Interesting articles on Sola Fide and the Scriptural concept of “Justification” via Grace Online Library

“In other words we do not justify ourselves before God. God justifies us, and He does it–and this is the argument of the first four chapters–entirely apart from us and our works. It is not the result of any merit that is in us.”Martyn Lloyd-Jones, Exposition of Romans 8:28-30

“The Latin Vulgate, Jerome’s 4th century translation of the Scriptures, had been the official translation throughout the middle ages, and its integrity was generally assumed. But then came the Renaissance, a recovery of classical learning that included a return to the original Greek text of Scripture. As Oxford theologian Alister McGrath observes, the best example of the errors in the Latin Vulgate, corrected in tail end of the Renaissance, concerns its translation of the Greek word “dikaiosune,” which means “to declare righteous.” It is a legal term, a verdict. But the Latin Vulgate had translated “dikaiosune” with the Latin word iustificare, which means “to make righteous.” Erasmus and a host of classical scholars recognized that the Greek text required an understanding of justification that referred to a change in status rather than to a change in behavior or mode of being. Again, Erasmus had no doctrinal stake in this matter. He was not only a loyal son of the Roman church; he had engaged in heated polemics with Luther over free will. Nevertheless, he was Europe’s leading authority on the classical languages and could not overlook the glaring mistranslations. For this reason it has been said that Erasmus laid the egg that Luther hatched. It is quite remarkable that the Roman Church would continue to embrace its erroneous view of justification, given the advances in scholarship by their own best minds.”Michael Horton: Are We Justified by Faith Alone?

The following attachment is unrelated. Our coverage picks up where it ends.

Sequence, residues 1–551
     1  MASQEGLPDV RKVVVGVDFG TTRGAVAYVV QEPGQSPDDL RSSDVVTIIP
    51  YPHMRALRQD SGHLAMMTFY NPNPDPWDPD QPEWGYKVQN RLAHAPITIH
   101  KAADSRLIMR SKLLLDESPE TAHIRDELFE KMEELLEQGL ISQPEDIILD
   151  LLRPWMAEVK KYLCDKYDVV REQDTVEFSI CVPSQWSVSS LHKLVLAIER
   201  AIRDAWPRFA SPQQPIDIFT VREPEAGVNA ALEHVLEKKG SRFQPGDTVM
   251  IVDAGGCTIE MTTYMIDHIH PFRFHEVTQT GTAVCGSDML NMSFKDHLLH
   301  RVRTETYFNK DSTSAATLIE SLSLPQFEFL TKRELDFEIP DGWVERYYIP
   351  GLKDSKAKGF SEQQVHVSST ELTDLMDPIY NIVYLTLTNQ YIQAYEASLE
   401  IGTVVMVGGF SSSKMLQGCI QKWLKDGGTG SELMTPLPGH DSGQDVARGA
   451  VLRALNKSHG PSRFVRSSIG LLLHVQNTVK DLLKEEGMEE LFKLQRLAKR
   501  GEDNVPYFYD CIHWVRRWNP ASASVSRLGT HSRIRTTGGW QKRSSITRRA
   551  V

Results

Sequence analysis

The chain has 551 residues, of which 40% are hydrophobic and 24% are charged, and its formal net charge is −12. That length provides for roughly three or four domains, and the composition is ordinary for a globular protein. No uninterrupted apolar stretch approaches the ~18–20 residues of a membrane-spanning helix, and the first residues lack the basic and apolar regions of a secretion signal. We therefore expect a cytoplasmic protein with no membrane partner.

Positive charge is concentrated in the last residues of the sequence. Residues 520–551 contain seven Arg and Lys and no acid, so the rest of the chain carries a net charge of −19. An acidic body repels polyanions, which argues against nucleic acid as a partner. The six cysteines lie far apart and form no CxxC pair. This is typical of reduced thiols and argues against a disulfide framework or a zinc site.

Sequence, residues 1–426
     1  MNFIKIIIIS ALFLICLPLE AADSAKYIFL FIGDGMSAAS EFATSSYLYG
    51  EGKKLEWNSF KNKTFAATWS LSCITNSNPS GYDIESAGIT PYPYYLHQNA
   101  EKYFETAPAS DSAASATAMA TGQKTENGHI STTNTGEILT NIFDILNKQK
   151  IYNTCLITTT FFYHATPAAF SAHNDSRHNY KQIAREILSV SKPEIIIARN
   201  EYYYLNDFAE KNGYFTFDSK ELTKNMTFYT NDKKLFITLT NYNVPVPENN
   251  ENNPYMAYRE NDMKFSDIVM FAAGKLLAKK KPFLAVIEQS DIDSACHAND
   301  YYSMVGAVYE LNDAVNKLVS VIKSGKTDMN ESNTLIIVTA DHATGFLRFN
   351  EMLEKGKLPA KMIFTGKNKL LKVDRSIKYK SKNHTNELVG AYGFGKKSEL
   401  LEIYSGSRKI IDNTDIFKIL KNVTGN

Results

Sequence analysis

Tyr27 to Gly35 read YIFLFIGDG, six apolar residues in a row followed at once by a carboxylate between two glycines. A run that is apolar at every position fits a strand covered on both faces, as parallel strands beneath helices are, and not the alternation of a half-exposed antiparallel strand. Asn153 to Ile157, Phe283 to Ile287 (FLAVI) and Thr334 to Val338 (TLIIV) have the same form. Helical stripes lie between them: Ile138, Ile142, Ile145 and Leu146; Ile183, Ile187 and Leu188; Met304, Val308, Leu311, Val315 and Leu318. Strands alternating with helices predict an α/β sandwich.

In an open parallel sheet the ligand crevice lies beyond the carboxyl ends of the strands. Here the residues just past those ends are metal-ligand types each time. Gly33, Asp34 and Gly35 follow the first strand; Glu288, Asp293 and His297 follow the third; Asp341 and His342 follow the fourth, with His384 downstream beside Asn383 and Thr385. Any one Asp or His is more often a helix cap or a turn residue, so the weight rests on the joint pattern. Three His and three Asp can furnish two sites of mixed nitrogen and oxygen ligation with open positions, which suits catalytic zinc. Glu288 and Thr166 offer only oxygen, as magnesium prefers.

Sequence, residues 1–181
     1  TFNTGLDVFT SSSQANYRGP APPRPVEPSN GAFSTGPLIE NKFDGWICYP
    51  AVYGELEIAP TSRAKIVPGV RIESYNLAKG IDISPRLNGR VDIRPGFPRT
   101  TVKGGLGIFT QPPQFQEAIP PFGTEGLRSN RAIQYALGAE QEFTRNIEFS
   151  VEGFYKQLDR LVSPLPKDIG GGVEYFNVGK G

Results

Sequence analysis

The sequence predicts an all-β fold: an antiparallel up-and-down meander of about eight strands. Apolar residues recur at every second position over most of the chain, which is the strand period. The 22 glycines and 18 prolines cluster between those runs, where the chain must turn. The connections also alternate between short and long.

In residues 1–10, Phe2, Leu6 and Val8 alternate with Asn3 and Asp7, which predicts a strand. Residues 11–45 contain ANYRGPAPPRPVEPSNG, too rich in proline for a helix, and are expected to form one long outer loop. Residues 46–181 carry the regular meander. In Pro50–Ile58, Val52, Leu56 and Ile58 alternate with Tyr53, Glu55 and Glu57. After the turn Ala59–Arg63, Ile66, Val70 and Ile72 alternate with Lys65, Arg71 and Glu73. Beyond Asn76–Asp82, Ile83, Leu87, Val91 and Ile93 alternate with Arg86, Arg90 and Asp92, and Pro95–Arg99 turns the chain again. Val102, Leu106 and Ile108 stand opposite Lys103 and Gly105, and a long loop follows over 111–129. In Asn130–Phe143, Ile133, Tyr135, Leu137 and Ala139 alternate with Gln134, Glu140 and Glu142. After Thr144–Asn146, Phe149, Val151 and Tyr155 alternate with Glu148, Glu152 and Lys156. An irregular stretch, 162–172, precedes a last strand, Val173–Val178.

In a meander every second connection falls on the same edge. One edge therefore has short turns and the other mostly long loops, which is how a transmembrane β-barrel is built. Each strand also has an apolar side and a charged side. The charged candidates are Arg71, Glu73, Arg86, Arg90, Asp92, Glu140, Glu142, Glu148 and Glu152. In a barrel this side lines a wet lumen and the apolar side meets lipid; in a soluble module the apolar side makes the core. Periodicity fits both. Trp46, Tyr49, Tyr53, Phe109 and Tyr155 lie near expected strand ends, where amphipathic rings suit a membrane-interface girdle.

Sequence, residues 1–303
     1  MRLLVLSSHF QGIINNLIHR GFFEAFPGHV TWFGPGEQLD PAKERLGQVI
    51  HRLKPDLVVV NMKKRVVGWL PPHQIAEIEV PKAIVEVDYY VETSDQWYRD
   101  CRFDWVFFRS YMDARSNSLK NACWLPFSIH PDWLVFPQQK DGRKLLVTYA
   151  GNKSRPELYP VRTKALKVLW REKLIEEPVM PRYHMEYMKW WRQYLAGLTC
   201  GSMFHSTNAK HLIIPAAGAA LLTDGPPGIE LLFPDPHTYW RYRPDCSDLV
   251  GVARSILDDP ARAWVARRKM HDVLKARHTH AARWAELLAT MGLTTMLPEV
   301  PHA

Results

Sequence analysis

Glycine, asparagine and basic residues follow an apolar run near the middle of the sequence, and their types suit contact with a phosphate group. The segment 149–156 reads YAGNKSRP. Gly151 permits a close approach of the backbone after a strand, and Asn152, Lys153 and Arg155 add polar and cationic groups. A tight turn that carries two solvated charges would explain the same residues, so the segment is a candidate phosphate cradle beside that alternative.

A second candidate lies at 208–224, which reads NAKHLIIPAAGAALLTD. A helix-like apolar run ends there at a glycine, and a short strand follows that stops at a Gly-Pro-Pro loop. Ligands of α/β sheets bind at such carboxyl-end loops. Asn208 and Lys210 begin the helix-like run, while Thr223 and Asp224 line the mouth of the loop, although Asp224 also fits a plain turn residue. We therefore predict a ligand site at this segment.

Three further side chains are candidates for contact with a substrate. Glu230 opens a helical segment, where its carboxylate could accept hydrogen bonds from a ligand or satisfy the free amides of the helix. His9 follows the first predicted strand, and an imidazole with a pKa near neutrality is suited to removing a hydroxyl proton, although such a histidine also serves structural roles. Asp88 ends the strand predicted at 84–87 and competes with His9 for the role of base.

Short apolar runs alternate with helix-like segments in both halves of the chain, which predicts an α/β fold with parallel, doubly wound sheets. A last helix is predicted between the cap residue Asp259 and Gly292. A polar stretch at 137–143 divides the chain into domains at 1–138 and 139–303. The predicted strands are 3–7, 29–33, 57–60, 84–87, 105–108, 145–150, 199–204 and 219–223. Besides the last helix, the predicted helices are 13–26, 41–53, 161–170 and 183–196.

“Dikaiosune…” How’s that pronounced? As spelled?


  1. rowster says:

    I think it’s di-ka-io-su-ne. Anyway … interesting stuff, Ordo! Should you be interested in looking at an alternate exegesis, you might want to browse through (especially the fifth paragraph from the bottom).

  2. Paulo says:

    Hey, thanks, Rowie! I’ve been thinking on that exact issue myself: how the Epistle to the Romans and the Epistle of James both make reference to how “Abraham believed God, and it was credited to him as righteousness.” The article you pointed out helps a lot.

    I can always trust you for a sober and rational Catholic viewpoint. :)

  3. Paulo says:

    Wait… the comment script ate your link. Here it is…


  4. garver says:


    Actually, given the fact that the verb form (“dikaioun”) is an “-oo” form (like “douloun,” meaning “to make a slave”), at first glance it would seem to mean “to make righteous” (and in some contexts it may mean that). Jerome’s mistake is thus quite understandable.

    However, against the backdrop of Old Testament usage (e.g., throughout Isaiah) of the Hebrew root “zdq,” the Greek does definitely take on “law court” connotations of a verdict vindicating someone, within the wider context of God’s covenant promise to vindicate Israel.

    Most competent scholars today, Catholic or Protestant, readily admit the judicial force of the verb. But that doesn’t answer the further question of on what basis such a verdict is made by God and how we receive that verdict.

  5. rowster says:

    No problem, Pau! :) Oops about the link and thanks for fixing it. :)